Category: Risk Management

Straight Talk on Sustainability

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With all the noise on the topic, I recently decided to spend some time asking Gib Hedstrom to give me the straight scoop about how boards address the issue of sustainability. Gib has been the “expert in the room” on these questions at more than fifty board meetings with major global companies, including Air Products, Ashland, and AlliedSignal (Honeywell).  I asked him three simple questions. (OK, actually I asked him four):

  1. What’s the best way for a board to define sustainability?
  2. What do the “better boards” do in the area of sustainability?
  3. As an individual director, what should I know about the topic? What questions should I be asking?

Here’s how Gib responded:

1. What’s the best way for a board to define sustainability?

Sustainability is about achieving enduring growth and profitability in the harsh face of 21st Century realities. The “new world order” of a swelling population, oil depletion, global warming, water scarcity, and economic turmoil makes this the fiercest competitive battleground for the next 20 years. It means rethinking everything.

It’s what I call “The Messy Transformation.” Most companies face significant risks. Yet whether you sell technology or transportation or consumer products – the opportunities are massive.

2. What do the better boards do in the area of sustainability?

The better boards bring sustainability into their deliberations about both risk and opportunity. On risk, they do three things:

  1. Take a Business Portfolio Risk approach. For example, 20 percent of U.S. coal plants are scheduled to shut down by 2015. If that’s your energy source, it calls for a Plan B — and fast!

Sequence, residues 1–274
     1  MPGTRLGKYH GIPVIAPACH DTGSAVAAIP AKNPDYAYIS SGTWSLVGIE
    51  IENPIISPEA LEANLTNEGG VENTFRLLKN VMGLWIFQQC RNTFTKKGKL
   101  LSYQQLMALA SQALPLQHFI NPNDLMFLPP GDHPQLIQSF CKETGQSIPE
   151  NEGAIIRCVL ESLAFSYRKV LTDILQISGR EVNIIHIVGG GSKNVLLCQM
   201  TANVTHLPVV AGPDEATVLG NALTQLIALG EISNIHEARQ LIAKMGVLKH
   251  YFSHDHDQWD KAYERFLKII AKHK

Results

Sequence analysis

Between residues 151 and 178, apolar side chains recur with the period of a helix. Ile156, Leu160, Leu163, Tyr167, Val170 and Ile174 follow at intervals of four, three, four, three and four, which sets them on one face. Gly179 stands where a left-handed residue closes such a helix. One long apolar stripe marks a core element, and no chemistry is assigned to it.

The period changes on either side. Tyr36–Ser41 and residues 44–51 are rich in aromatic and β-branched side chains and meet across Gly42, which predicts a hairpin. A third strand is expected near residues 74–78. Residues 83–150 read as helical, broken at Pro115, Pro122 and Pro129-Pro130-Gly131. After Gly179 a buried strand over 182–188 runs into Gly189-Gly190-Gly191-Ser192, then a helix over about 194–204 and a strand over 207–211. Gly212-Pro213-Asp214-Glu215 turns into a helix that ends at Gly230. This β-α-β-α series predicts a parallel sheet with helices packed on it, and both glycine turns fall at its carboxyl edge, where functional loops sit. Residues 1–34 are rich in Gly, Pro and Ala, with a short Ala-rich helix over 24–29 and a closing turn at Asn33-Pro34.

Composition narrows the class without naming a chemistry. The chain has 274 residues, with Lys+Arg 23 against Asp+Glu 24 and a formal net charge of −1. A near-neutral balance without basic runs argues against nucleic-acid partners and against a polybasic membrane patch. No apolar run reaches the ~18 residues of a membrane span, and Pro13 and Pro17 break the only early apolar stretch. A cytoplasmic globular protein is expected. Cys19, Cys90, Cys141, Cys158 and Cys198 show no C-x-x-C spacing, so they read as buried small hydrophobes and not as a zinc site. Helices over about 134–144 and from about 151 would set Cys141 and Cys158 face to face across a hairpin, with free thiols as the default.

2. Encourage action on managing the relevant risk profile (short and long term) on Carbon Risk. For example, we see Samsung announcing that by 2013 it will cut by 50 percent the greenhouse gas emissions from its own operations and from the use of its products. We see Sony announce its plans to achieve a zero environmental footprint by 2050.
  3. Keep Operational Risk management front and center. You don’t have to look far back in recent headlines for evidence about what a single disaster can do to your operations and public trust.

For the opportunity side, it’s about investment. Even in this uncertain financial climate, over $100 billion has been invested in renewable energy in the past two years. Companies like Cisco, IBM, Google and Microsoft are rushing to capture “smart grid” growth opportunities. P&G has a five-year goal to accumulate $50 billion in sustainable product sales by 2012, and will have “Sustainable Innovation Products” in 30 million U.S. homes by the end of this year. Bank of America recently announced it is ahead of schedule on its 10-year, $20 billion business initiative focused on addressing climate change.

3. As an individual director, what should I know about where a company stands on sustainability?  What questions should I be asking?

Directors really struggle with sustainability. In the 2009 NACD Public Company Governance Survey, directors rate their effectiveness at sustainability (corporate social responsibility) almost dead last. Meanwhile, in 2009 the number of shareholder resolutions on sustainability reached a record level. Investors care!